From Paul Fitzsimmons Eve, A Collection of Remarkable Cases in Surgery, 1857.
In 1888 New York journalist David Goodman Croly published Glimpses of the Future, a collection of predictions “to be read now and judged in the year 2000.” Excerpts:
- “The accumulation of wealth in a few hands, which is steadily going on, will unquestionably lead to a grave agitation which may have vital consequences on the future of the country. I am quite sure that the American of the twentieth century will not consent to live under a merely selfish plutocracy.”
- “Exclusive lawyer rule will yet create violent disturbance. Our whole machinery of justice is out of gear, for it is becoming more costly and inefficient. … The legal machinery grows yearly more inefficient and wasteful of time and money. Vigilance committees will exist in every part of the country if this state of things continues.”
- “Marriage is no longer a religious rite even in Catholic countries, but a civil contract, and the logical result would seem to be a state of public opinion which would justify a change of partners whenever the contracting couple mutually agreed to separate.”
- “If the aërostat should become as cheap for travellers as the sailing vessel, why may not man become migratory, like the birds, occupying the more mountainous regions and sea-coast in summer and more tropical climes in winter? Of course all this seems very wild, but we live in an age of scientific marvels, and the navigation of the air, if accomplished, would be the most momentous event of all the ages.”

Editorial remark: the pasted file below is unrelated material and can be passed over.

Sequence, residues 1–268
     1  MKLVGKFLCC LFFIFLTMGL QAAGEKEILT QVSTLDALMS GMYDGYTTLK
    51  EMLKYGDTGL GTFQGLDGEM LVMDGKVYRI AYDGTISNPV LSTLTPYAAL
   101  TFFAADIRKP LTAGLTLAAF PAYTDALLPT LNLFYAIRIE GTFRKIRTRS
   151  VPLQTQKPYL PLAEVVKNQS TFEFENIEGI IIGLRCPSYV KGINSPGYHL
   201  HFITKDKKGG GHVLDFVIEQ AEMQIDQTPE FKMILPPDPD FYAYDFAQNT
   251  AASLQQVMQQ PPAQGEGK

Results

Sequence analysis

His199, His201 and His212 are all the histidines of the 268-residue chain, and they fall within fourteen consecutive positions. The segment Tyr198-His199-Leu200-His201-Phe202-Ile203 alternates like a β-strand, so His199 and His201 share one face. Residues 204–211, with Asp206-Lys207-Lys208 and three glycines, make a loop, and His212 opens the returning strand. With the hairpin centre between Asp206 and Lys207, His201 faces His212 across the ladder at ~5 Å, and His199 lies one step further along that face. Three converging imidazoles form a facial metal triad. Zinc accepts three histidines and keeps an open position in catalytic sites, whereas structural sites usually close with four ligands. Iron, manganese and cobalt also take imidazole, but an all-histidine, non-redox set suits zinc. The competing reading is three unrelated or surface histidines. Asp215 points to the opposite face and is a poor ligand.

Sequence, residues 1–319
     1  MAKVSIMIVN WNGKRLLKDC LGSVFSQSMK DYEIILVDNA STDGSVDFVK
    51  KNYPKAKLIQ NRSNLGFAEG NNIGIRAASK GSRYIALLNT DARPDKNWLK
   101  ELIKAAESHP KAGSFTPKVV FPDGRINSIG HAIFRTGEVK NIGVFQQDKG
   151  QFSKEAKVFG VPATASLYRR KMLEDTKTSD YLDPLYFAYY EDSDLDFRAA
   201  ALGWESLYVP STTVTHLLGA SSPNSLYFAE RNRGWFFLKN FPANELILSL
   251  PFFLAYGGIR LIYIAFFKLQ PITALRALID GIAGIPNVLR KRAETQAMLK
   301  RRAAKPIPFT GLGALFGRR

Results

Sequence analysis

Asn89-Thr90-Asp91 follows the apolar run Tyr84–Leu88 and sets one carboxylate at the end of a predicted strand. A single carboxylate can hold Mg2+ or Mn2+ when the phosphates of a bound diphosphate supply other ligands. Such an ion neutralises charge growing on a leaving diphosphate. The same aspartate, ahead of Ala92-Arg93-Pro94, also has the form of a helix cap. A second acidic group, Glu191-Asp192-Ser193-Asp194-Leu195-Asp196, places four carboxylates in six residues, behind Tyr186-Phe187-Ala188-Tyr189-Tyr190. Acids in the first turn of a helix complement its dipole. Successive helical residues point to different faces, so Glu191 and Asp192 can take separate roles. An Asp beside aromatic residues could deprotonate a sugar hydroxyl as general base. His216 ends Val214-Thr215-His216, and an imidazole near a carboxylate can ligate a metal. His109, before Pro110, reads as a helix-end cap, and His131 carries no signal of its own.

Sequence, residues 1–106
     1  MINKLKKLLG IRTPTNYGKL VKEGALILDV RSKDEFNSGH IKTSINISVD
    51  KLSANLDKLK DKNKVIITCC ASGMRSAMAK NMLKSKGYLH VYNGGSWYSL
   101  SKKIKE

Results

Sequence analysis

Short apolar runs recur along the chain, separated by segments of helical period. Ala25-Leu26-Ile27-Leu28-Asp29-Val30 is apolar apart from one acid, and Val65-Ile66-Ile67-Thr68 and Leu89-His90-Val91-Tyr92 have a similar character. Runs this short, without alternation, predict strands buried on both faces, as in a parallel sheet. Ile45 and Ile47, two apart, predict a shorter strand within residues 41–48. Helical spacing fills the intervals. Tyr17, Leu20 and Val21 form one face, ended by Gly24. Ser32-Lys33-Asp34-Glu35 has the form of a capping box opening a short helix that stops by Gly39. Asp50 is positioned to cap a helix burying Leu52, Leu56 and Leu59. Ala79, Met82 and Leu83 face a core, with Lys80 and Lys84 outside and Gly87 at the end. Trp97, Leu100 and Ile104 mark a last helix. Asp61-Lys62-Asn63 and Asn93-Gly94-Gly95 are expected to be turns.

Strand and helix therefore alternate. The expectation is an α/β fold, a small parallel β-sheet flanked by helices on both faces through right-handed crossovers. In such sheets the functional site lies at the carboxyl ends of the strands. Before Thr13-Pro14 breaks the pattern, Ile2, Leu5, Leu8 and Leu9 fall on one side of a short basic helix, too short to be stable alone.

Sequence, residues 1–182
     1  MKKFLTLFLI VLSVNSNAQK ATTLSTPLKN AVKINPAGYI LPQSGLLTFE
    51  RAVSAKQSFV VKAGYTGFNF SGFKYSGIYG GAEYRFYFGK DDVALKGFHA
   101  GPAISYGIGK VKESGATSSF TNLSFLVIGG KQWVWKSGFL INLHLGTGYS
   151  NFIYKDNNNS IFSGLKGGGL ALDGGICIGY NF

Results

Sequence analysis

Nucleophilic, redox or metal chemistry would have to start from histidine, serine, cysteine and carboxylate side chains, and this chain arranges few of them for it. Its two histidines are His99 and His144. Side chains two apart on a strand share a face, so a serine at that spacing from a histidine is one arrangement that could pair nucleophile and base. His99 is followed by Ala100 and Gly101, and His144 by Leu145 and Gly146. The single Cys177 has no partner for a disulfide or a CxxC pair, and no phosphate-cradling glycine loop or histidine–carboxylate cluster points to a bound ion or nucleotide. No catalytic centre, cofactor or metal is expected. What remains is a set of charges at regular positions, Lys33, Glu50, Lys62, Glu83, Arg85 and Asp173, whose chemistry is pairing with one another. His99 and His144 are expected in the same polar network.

- “There will be a sub-city [in New York] under the surface of the ground for conveying people, not only from the Battery to the City Hall Park, but also from the East to the North River.”
- “True, the [chromolithograph] of to-day is looked upon as crude and inartistic; but I venture to predict that it will be so far perfected as to allow any well-to-do family to have art galleries of their own, in which will be found reproductions of all the great paintings of the ancient and modern world. The crowning glory of our age will be when the highest art is brought within the reach of the poorest purse.”
- “[In the novel of the future,] Robert Elsmere, Catherine Langham, and the other individuals, would all be reproduced pictorially. This would dispense with a great deal of description, and much of the verbiage could be cut out. Then the reader’s conception of the characters would necessarily be much more vivid. Nor is this all. Why should not a number of graphophones be made use of, giving the words of the various conversations in the tones they would naturally use? An author then would employ a number of men and women of various ages to personate his characters. They would be like the models of an artist.”
“I have no notion of being able to tell what the future has in store for us,” he wrote. “I propose simply to take up such matters as are of everyday importance, and try to think out the future with regard to them.”
“In the year 1500 Europe knew less than Archimedes, who died in the year 212 B.C.” — Alfred North Whitehead
- James Buchanan’s niece was his first lady.
- FIVE THOUSAND is the highest number name with no repeated letters.
- Ardmore, Tennessee, borders Ardmore, Alabama.
- 9306 × 2013 = 3102 × 6039
- “So that’s what hay looks like.” — Queen Mary
If God exists outside space and time, then how can he be omnipresent, present in all places at all times? If he exists within it, how could he have created it? How could a creation (or anything) take place outside time?